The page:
The film is going to pieces. Joe seems to have lost all interest in finishing his bits and Airuna is getting busier and busier. When I know Joe is definitely out, I'm going to take his dialog and subcontract it to a voiceover artist on Fiverr. Then I'll have to take it into software so I can sync it to his lips. The scenes he hasn't done will either have to be suggested or will be filmed without showing faces.

Posted by safemouse 18:15 Archived in China Comments (1)

Blip one

And I haven't mentioned the TOEFL course yet...

Unusually, I had my job interview face to face and it was with Ms Liu and Mr Jiang, the boss of the Foreign Affairs Office and her boss, the director of the College of International English (or some such place). In many senses, this was somewhat of an honour because at the Medical Uni I was simply interviewed by the F.A.O, who is something akin to a general dogsbody.

At the interview, I asked how many teaching hours they wanted to give me and they said it depended on what subjects I taught. They had an 18 hour schedule and one that was twenty something hours; I don't recall the exact figure. I could see, reading between the lines, that they wanted me to work the twenty something hours per week and I was emphatic that I'd only do the job if they gave me their 18 hour schedule. That is my upper limit, I actually prefer about 16 to deliver a fresh, quality course. The problem is, when you pile lots of hours onto a teacher the job becomes a big drag and it affects all your classes. At Xi'an, I had 11 classes (22 hours) crammed into 3 days, teaching post graduates whose degree was something obscure like Systems Processing or something electronics/computer language related. They did not want to be studying English, I can tell you. It was an unappetizing little side dish they'd been served, not the main course. Teaching them was particularly character building.

Even English majors are students who, for the most part, are learning English reluctantly. English is a choice of evils in China and in a class of thirty students you may only have one or two keen ones. Particularly in the lower performing universities, where I have honed my trade. It's not like in the West where you choose a subject that is a stepping stone to your dream job. In China your parents most likely told you what degree to do and the great mass of mediocre students deemed unworthy of a special subject, are only good enough to study English and spend their days in a Middle School teaching by rote. The plum job is actually a university one because the hours are fewer and they can do business on the side.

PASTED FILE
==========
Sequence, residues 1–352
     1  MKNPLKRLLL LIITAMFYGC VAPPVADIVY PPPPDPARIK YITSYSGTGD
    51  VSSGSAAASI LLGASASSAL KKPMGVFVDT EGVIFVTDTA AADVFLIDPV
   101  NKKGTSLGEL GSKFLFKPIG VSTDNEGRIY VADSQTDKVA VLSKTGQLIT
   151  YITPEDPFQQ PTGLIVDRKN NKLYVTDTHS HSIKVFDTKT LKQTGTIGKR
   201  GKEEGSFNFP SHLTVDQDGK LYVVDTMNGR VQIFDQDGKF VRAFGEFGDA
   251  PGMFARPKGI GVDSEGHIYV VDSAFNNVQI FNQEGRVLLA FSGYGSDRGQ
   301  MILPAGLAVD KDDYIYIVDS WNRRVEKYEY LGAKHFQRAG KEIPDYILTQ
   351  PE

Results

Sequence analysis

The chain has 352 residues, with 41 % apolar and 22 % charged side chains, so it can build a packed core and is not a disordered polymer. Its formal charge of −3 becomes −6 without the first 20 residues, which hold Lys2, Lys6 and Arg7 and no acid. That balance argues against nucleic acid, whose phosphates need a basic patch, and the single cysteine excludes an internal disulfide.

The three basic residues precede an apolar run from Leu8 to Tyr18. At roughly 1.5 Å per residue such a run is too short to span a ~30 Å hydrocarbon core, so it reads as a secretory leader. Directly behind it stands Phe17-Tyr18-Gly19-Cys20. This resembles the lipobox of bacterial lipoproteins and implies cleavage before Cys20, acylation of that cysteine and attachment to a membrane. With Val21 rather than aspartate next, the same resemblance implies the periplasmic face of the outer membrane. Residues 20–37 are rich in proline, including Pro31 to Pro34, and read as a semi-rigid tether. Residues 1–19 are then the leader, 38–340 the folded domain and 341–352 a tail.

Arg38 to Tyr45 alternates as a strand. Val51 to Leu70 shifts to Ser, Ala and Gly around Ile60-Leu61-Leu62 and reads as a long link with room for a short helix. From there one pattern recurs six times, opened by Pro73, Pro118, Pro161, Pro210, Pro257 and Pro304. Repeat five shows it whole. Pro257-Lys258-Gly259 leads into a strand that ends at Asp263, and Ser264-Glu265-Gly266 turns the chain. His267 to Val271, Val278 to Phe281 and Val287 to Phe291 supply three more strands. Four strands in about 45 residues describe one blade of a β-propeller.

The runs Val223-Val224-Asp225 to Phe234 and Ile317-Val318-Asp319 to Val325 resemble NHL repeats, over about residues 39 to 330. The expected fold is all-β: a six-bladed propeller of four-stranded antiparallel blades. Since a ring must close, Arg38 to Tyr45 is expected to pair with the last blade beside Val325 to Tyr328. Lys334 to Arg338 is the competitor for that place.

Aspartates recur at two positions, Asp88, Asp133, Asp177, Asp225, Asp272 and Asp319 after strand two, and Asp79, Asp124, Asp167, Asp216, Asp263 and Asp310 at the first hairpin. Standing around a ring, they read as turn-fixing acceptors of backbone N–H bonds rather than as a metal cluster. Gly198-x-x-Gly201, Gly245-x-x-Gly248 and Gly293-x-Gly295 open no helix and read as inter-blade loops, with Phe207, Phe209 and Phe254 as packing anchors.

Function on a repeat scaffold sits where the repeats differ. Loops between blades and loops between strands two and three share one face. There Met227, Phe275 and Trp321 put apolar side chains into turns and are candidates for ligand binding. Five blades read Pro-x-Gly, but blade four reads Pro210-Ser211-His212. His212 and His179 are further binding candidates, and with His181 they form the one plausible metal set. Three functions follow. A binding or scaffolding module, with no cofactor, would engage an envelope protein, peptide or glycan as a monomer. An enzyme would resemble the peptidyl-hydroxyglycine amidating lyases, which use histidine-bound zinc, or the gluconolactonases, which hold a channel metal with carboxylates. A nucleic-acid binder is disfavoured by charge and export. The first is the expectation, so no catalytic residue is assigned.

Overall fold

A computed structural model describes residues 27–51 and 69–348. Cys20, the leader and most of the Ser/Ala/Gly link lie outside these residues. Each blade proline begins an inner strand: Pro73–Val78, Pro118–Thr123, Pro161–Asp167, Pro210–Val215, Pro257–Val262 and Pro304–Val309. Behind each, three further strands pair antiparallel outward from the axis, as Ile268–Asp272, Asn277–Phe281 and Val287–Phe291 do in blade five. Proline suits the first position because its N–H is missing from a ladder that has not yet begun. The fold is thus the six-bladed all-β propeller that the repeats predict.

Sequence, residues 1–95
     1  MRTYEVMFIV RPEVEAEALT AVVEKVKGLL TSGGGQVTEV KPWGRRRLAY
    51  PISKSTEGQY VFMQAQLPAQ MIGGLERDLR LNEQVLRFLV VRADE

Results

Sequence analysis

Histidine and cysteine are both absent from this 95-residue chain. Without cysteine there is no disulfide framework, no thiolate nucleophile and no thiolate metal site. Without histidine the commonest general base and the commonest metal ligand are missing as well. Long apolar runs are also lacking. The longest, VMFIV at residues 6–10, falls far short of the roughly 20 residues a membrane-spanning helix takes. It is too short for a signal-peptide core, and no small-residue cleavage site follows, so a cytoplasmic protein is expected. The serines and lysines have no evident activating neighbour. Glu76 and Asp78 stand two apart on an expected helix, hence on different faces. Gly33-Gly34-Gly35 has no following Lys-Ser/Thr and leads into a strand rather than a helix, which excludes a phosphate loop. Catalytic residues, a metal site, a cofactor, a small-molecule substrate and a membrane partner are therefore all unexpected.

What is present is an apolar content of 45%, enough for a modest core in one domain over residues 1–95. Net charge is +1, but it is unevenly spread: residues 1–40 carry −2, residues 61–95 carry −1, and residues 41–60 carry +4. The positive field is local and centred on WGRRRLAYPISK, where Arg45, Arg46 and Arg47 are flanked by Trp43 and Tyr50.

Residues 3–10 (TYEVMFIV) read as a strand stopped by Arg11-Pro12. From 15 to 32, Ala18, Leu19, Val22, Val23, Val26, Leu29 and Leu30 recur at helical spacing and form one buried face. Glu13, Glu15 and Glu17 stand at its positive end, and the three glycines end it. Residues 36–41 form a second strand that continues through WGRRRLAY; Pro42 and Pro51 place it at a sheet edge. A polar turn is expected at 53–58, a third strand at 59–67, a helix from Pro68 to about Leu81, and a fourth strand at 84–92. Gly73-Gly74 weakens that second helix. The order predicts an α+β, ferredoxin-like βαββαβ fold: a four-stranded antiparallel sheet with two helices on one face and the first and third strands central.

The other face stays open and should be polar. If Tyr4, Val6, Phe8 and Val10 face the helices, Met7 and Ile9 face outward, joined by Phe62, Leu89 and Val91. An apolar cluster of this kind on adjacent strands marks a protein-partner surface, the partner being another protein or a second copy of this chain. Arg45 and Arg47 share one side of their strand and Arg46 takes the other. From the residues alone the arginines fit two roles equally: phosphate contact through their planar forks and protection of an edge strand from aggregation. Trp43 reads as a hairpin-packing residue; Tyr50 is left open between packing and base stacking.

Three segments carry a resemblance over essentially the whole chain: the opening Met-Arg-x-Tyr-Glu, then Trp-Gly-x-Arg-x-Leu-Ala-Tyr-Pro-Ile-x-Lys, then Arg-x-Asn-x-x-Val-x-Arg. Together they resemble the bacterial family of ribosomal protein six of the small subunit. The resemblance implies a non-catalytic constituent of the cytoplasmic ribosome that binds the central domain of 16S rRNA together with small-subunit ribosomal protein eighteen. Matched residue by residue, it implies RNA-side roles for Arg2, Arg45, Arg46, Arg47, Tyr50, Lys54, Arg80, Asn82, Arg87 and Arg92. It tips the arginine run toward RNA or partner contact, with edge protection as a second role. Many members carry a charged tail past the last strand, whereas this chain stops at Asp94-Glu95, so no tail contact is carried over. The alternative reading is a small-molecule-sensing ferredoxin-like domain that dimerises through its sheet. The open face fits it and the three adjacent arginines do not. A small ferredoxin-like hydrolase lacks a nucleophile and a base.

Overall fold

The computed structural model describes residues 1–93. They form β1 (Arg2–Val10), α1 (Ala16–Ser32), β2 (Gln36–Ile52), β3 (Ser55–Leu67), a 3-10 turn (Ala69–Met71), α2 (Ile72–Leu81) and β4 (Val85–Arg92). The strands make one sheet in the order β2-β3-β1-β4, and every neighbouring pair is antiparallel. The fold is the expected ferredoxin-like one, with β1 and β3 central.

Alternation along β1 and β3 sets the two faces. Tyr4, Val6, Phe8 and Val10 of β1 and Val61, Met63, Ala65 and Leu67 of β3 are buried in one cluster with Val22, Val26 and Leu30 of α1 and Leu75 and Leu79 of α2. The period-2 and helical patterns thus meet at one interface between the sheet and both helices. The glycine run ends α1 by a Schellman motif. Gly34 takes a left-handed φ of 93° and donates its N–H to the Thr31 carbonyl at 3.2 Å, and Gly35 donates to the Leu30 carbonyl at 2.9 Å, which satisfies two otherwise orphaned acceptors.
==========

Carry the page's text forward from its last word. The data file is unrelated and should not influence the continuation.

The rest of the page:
There is an unwritten rule in many universities that nobody tells you about. The rule is, it's just a kind of English club really, and you should pass all the students. Unless you really crack the whip you soon get students skipping class, sick notes being faked and a teacher can fall into bad habits too. In fact, the worst story I've heard is of a guy in Baotou who would come to classes hungover, stick a video on and go to sleep at the back. That may sound irresponsible but in fact our classes are a kind of box ticking exercise to fulfill government instructions. We are not valued and we are not always, by any means, all that valuable.

In the face of all this I want to do a good job. And I kind of relish the teaching challenge that this presents with, on occasion.

I need money but I'm not here to make as much as I can. When I signed the contract I made sure it said 18 hours. Dennis, the F.A.O, was clear. If it says 18 on your contract it'll be 18 hours. It comes as no Hohhot shock to me today that Ms Liu rang me up and asked me to do more. That's how it goes. Now that I'm all settled here of course it's damned difficult for me to say no and I suspect that was the plan. She claimed that it's due to unforeseen circumstances and perhaps it is. But I knew it was coming, had prepared myself psychologically for it and said yes without too much dissent. There was something about Ms Liu's tone of her voice. She was giving me a hard luck story in a poor little me voice-something that normally doesn't work with me- but it reminded me of a favourite student of mine (from Inner Mongolia) I had taught many years ago at The Tianjin University of Commerce.

I mentioned that we'd agreed 18 hours and Ms L said they were only talking about the writing course. But the fact is, I said I would only do 18 hours, period.

So in short, before I came I thought about the sorts of things that might go wrong and how I would deal with them and this helped me to respond amicably. I've no doubt there will be some more blips.